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Explore the Lewis and Clark Trail

Meriwether Lewis, William Clark, and the Corps of Discovery departed St. Charles, Missouri on May 21, 1804, to begin their expedition into the unknown. Their journey was backbreaking, fraught with danger and took 28 months. This summer you can see and experience the Lewis & Clark Trail in air-conditioned comfort via motorcoach, and it will take just 16 days.

The journey begins in St. Louis with a get-acquainted dinner on historic Laclede’s Landing.

Get an overview of where you’re headed at the Museum of Westward Expansion at the Gatewav Arch, and visit St. Charles, the last outpost of “civilization” the party would see as they headed west. Other Missouri stops include Arrow Rock State Park, the Arabia Steamboat Museum in Kansas City and Fort Osage near Buckner.

As the tour heads northwest, it follows the Missouri River for more than 1,500 miles. Near Council Bluffs enjoy a Dutch oven dinner reminiscent of meals the Corps of Discovery prepared over a campfire on their 1804-1806 journey of discovery. The remote location alongside the Missouri River contributes to the feeling of “being there” as the costumed interpreter relates his experiences of being initiated into the fraternity of riverhands who plied the river in the time of Lewis and Clark. On the Iowa side of the river near Sioux City stands the monument to the only man who died on the Lewis & Clark Expedition, Sgt. Charles Floyd.

In South Dakota, as in many locations along the trail, your accommodations overlook the river. A traditional fish fry commemorates the point where Meriwether Lewis caught his first trout. Another commemorative spot in South Dakota is the location where a conflict with the fierce Teton Sioux nearly stopped the expedition in its tracks. You’ll also have several opportunities to witness how the development of the west affected those who were already there, the Native Americans.

Bismarck, North Dakota, marks the midpoint of the journey. The Corps of Discovery spent their first winter near here at Fort Mandan. Visit the reconstructed site, and the excellent Lewis & Clark Interpretive Center in nearby Washburn. That evening you’ll cruise the Missouri River on the Lewis & Clark Riverboat.

The journey continues from Bismarck. A model earth lodge is a highlight at the Knife River Indian Village, the only national park which commemorates the Plains Indian. At the western edge of North Dakota sits beautifully restored Fort Union. It served as one of John Jacob Astor’s major fur trading posts on the Missouri River.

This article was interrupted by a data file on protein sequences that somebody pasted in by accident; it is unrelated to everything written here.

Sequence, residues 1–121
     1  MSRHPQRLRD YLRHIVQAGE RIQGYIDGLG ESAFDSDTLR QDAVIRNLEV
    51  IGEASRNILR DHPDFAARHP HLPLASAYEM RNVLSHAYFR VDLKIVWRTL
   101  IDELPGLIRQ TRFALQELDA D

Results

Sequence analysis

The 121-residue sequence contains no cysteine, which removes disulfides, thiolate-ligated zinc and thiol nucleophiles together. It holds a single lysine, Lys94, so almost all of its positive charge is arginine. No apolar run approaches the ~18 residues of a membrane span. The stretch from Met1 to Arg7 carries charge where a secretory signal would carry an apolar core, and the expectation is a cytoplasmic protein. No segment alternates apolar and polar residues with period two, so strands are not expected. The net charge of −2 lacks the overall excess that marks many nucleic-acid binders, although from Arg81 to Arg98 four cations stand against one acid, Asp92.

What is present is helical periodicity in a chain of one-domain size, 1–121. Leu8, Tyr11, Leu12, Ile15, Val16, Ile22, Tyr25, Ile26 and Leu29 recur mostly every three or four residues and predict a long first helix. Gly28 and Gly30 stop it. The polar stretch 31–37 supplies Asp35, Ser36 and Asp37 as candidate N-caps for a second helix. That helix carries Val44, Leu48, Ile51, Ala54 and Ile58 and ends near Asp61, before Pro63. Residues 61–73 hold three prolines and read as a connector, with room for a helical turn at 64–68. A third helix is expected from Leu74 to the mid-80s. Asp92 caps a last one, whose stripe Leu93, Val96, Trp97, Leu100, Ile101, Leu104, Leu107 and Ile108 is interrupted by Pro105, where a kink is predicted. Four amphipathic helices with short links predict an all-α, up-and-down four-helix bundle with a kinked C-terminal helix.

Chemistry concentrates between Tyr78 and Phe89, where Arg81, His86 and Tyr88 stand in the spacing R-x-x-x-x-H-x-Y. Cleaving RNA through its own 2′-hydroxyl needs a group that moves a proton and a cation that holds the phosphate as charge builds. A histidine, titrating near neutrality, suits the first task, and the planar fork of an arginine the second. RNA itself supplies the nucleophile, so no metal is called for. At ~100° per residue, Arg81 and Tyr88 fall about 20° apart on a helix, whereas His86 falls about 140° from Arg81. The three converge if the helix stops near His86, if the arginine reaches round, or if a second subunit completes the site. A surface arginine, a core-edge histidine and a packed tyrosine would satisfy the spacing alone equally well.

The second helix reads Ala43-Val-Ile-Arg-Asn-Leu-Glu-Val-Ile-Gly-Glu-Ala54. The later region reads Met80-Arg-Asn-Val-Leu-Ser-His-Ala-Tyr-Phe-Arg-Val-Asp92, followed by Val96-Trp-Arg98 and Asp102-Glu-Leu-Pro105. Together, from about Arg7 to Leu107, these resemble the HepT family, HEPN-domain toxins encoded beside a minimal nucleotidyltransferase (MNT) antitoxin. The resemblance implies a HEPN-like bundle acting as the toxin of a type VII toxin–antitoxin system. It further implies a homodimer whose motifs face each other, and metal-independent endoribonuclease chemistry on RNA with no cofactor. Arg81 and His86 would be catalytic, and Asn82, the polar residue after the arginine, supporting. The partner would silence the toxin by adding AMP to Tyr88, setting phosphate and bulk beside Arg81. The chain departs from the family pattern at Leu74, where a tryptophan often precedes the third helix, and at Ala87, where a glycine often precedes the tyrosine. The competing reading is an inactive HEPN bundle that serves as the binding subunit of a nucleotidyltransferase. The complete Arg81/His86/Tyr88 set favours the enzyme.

Pompeys Pillar, named for Sacagawea’s son, features the only remaining physical evidence of the Lewis & Clark Expedition. William Clark carved his name in the rock on the return trip in 1806. It is located near Billings, Montana.

On a stretch of the Missouri in western Montana, towering cliffs appear to block the way. As the river changes direction, the cliffs seemed to pull apart. Capt. Lewis called it the Gates of the Mountains. An interpretive boat ride through the area will be a highlight of your tour. The scenery and wildlife make for an unforgettable experience.

The tour spends two nights in Great Falls, visiting such outstanding sites as the new Lewis & Clark Interpretive Center, Fort Benton, and the Charlie Russell Museum, a tribute to the famed western artist. Then it’s time to travel over the Lolo Trail, the most difficult part of the journey for the Corps of Discovery. A local historian will help you understand the chronology and a visit to the Nez Perce National Historic Park brings appreciation of the invaluable role this tribe played in the expedition’s survival.

Traveling through the Columbia River Gorge is a breathtaking experience. You’ll visit the new Discovery Center in The Dalles and see why Multnomah Falls is the most visited site in Oregon. And, like all great tours, one of the highlights has been saved for last. Along the beautiful rugged Oregon coast, you’ll visit the site where Sacagawea and Capt. Clark saw a beached whale and tour Seaside, where the expedition made salt. The tour ends at the re-creation of Fort Clatsop, the Corps’ home for the dreary winter of 1805-06.

On the final day the tour travels to Portland for the return flight. You’ll take with you memories of an exciting venture through some of America’s most magnificent territory, much of it unchanged since Lewis saw it nearly 200 years ago. You will also take home with you a true understanding of how this expedition expanded our country “from sea to shining sea.”



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